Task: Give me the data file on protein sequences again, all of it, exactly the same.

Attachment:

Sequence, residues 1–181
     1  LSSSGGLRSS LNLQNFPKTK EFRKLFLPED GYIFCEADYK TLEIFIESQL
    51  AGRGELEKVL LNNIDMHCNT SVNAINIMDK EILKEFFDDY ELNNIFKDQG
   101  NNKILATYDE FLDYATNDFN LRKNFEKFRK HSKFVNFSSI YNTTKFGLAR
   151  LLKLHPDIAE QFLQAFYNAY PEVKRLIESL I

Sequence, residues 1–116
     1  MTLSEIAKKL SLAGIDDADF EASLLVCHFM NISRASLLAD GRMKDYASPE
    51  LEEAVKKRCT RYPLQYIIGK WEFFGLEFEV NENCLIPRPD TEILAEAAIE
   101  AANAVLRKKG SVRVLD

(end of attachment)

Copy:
Sequence, residues 1–181
     1  LSSSGGLRSS LNLQNFPKTK EFRKLFLPED GYIFCEADYK TLEIFIESQL
    51  AGRGELEKVL LNNIDMHCNT SVNAINIMDK EILKEFFDDY ELNNIFKDQG
   101  NNKILATYDE FLDYATNDFN LRKNFEKFRK HSKFVNFSSI YNTTKFGLAR
   151  LLKLHPDIAE QFLQAFYNAY PEVKRLIESL I

Sequence, residues 1–116
     1  MTLSEIAKKL SLAGIDDADF EASLLVCHFM NISRASLLAD GRMKDYASPE
    51  LEEAVKKRCT RYPLQYIIGK WEFFGLEFEV NENCLIPRPD TEILAEAAIE
   101  AANAVLRKKG SVRVLD